Upcoming Event: Bald Eagle Watch!

Please join New Mexico Wildlife Center and the U.S. Army Corps of Engineers for our annual bald eagle count at Abiquiu Lake on January 3, 2015.

Eagle Watch 2015

From our friends at USACE:

National Wildlife Federation officials have asked that participants in each state count eagles along standard routes to provide data trends. The basic objectives of the survey are to index the total wintering Bald Eagle population in the lower 48 states, to determine eagle distribution during a standardized survey period, and to identify previously unrecognized areas of important winter habitat.

The annual midwinter survey represents a unique source of long-term, baseline data. Unlike nesting surveys, it provides information on both breeding and non-breeding segments of the population at a potentially limiting time of year. The count has become a national tradition since 1984, and is an annual event at Abiquiu Lake. In addition to providing information on eagle trends, distribution, and habitat, the count has helped to create public interest in the conservation of our national symbol, the Bald Eagle.

Volunteers are asked to dress warmly and bring binoculars, notepads, and drinking water. Hot coffee and snacks will be available.

Bald eagles are a common and welcome sight at Abiquiu Lake during the winter. Unfortunately last year, NMWC cared for two bald eagles, both of which died from lead poisoning. In 2009 27 of 40 bald eagles treated in Iowa rehabilitation centers had toxic levels of lead in their blood. Where does this lead come from? Lead in ammunition and fishing gear. While federal law banned lead shot for hunting waterfowl in 1991, lead in ammunition for hunting upland birds, mammal species like deer, elk, wild pig, sheep, and coyotes distribute millions of pounds of lead into the environment every year.  Additionally, the U.S. Fish and Wildlife Service estimates that 4,382 tons of lead fishing sinkers are sold every year in the U.S.

When lead bullets enter an animal’s body they fragment. These fragments are scattered along the wound channel and often are found in abundance in its organs. A deer shot with lead bullets and not recovered is a poisoning machine. Gut piles left by hunters are probably a more pervasive source of lead poisoning. In a study conducted in the state of Washington, 90% of offal piles showed lead fragments and 94% of deer carcasses contained fragments. It takes very little lead to kill a bald eagle.

NMWC resident bald eagle, Maxwell, enjoying a lead-free fish
NMWC resident Bald Eagle, Maxwell, enjoying a lead-free fish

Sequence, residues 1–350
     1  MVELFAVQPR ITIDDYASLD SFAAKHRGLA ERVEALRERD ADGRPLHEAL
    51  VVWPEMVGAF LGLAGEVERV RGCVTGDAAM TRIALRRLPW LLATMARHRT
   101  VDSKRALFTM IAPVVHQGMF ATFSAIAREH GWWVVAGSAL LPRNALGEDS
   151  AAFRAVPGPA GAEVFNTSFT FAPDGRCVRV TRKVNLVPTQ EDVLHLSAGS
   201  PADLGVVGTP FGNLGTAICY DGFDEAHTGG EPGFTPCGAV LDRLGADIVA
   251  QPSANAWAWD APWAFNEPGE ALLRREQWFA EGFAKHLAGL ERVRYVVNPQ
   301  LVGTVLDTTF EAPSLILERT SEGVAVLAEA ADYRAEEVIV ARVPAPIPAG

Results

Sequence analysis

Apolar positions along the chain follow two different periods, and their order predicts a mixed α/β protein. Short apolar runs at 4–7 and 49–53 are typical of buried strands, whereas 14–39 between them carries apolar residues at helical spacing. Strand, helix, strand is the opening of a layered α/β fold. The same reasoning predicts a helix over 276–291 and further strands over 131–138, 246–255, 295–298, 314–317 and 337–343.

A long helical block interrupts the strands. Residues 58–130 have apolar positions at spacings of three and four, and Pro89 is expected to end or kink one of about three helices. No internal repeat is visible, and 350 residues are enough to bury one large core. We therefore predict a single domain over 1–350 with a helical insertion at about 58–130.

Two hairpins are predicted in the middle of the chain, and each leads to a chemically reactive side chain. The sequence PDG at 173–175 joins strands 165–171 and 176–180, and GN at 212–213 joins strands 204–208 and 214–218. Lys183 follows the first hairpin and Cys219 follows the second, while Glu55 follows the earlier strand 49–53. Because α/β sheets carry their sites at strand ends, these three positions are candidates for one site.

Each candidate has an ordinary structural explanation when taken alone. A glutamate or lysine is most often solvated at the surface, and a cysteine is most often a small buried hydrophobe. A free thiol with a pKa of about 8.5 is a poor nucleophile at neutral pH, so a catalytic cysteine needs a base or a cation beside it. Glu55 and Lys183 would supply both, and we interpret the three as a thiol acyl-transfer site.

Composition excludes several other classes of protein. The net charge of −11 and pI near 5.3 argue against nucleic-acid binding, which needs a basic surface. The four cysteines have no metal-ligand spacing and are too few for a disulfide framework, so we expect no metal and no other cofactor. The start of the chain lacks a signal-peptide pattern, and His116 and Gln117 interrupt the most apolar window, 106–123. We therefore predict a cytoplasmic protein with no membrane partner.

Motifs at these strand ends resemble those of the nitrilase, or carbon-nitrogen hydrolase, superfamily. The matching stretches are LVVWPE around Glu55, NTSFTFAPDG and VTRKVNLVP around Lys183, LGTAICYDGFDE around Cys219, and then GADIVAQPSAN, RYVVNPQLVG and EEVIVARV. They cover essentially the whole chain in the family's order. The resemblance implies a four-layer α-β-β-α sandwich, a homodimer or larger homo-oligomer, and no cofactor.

There are alternatives to lead ammunition and lead weights for fishing. Join us at the Bald Eagle Watch and learn about these birds and why they are worth protecting!

Christy and Katherine

CoCoRaHS Night: Now We’re Ready for Rain!

Last night’s CoCoRaHS event was a great success, with 28 new rain gauges going to happy homes in northern New Mexico! We had quite a few Master Gardeners from Santa Fe present, with people from Rio Arriba, Taos, Santa Fe, and Los Alamos counties. Hopefully these new citizen scientists will get their gauges up before our next precipitation event!

If you missed last night but still want to participate in the CoCoRaHS network, it’s not too late! The network has online training videos located here, and our friends at Weather Your Way can sell you an official rain gauge here.

Kerry Jones from NWS ABQ shows off the CoCoRaHS cell phone app.
Dr. David DuBois demonstrates how to use a snow swatter to measure snow.
Dr. DuBois makes sure everybody knows how to mount their rain gauge.

Many thanks to the National Weather Service in Albuquerque, as well as Dr. David DuBois, for their expertise, and thank you to all of our fantastic citizen scientists for participating in the event!

Stay tuned for upcoming science events and activities at New Mexico Wildlife Center- we have many more planned!


Upcoming Event: CoCoRaHS night!

Join us at The Wildlife Center on November 19 for an official CoCoRaHS training! CoCoRaHS stands for Community Collaborative Rain, Hail, & Snow Network, and this network of volunteer precipitation observers are very important to weather forecasters, drought monitors, and researchers.

CoCoRaHS_adPrecipitation is a tricky thing to measure. Rain gauges are the best, despite problems such as rain splashing out of the gauge, but we can’t cover the globe with rain gauges, and it’s very difficult to put rain gauges in the ocean! Radar can be used to estimate rainfall, but that method also has problems, especially in northern New Mexico where the radar beam’s lowest scan level can be above 7000 ft, or east of the Sandia where the mountains block the beam.

The Tropical Rainfall Measuring Mission satellite was the first precipitation radar in space, and for the last 17 years it has been measuring rainfall. Unfortunately, this satellite covers a large area and can’t see all of the rain that falls. We can use other satellites to try to fill in the gaps, with marginal to great success, depending on the situation. In my graduate school research, I discovered that our satellite estimates can be quite different from what radar and rain gauges show in the southwest U.S. I really needed more rain gauges!

Special rain gauges are necessary to be an official CoCoRaHS observer. This is because the data needs to be comparable. TWC will be ordering rain gauges for those interested in participating, and we’re getting a bulk discount so they will cost around $26.

Please join TWC, our New Mexico State Climatologist, and the National Weather Service in Albuquerque for this very special citizen science night!